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Rapid increase in BAME graduates still leave big gaps when it comes to their jobs and pay packets

The proportion of BAME workers with degrees has increased rapidly over the last two decades, but they still face a jobs gap and pay penalty compared to white graduates in the workforce, according to a new analysis published today (Saturday) by the Resolution Foundation.

The Foundation says that the disparities facing BAME groups shows why the government is right to be undertaking its race disparity audit, which is due to be published next week. It adds that these labour market disadvantages for BAME households are a big living standards concern, and that fully understanding why they’re happening is an important step towards tackling them.

The Foundation’s analysis shows that the proportion of working age people with degrees has increased across all ethnic groups in recent decades, from 12 per cent in 1996-99 to 30 per cent in 2014-17. This growth has been particularly rapid among BAME groups.

The proportion of working age Indian, Pakistani and Bangladeshi people with degrees has more than trebled since the end of the 1990s to their current levels of 50, 30 and 25 per cent respectively. Over the same period, the proportion of white people with degrees has also increased but less rapidly, rising from 12 to 28 per cent. Chinese people are the most likely to have degrees at 60 per cent.

However, the Foundation warns that there is a long way to go before this impressive progress on educational attainment fully feeds through into the labour market, with graduates of all BAME groups facing a jobs gap compared to white people with degrees.

The analysis shows that despite strong employment growth in recent years, Bangladeshi and Pakistani graduates are around 12 per cent less likely to be in work than white British graduates, and that Indian and Black Caribbean graduates have a jobs gap of around five per cent.

Furthermore, the jobs gap for BAME graduates is actually bigger for young people (16-34 year olds) – 15 per cent compared to 10.3 per cent for all working age adults – who still start out on a disadvantaged footing, despite their progress on educational attainment.

BAME graduates are also more likely to work in low-paid occupations such as caring, leisure and sales jobs, and elementary occupations such as cleaners and security staff. The report finds that Black African (25.2 per cent) and Bangladeshi (21.8 per cent) graduates are twice as likely to work in these low-paying occupations as Indian (12.6 per cent), white (10.6 per cent) and Chinese (8.7 per cent) graduates.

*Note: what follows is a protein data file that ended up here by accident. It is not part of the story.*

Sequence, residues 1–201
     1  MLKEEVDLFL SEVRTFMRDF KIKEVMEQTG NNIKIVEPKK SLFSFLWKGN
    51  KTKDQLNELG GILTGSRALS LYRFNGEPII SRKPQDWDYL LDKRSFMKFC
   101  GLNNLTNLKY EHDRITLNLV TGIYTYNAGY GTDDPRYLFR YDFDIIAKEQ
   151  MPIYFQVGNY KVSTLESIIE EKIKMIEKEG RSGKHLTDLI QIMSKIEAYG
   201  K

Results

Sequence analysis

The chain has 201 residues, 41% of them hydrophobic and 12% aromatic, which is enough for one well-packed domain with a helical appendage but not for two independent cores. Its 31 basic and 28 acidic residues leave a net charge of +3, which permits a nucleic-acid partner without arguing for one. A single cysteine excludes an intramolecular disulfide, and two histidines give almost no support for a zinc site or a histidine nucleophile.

The higher likelihood of BAME graduates working in low-paying sectors is a key cause of the pay gap that affects almost all BAME groups. The report finds that Chinese and Indian male graduates are the only groups to earn more than white male counterparts (whose median hourly pay is £18.57). The biggest graduate pay gaps – of around 28 per cent – are between white men and Black African women, Pakistani women, and Pakistani men.

Kathleen Henehan, Policy Analyst at the Resolution Foundation, said:

“The rising share of people going to university is a well know British success story of recent decades. The progress made by black and ethnic minority groups is astounding, with the share of Indian, Pakistani and Bangladeshi graduates trebling in less than 20 years.

“But despite this success, graduates from a black and ethnic minority background still face significant employment and pay penalties in the workforce. These labour market disadvantages are a big living standards concern and mean we risk failing to make the most of the investment made in their education.

“The government is right to be exploring these and other significant race disparities. Understanding the extent and root causes of these disadvantages is an important step towards the far bigger challenge of tackling them.”

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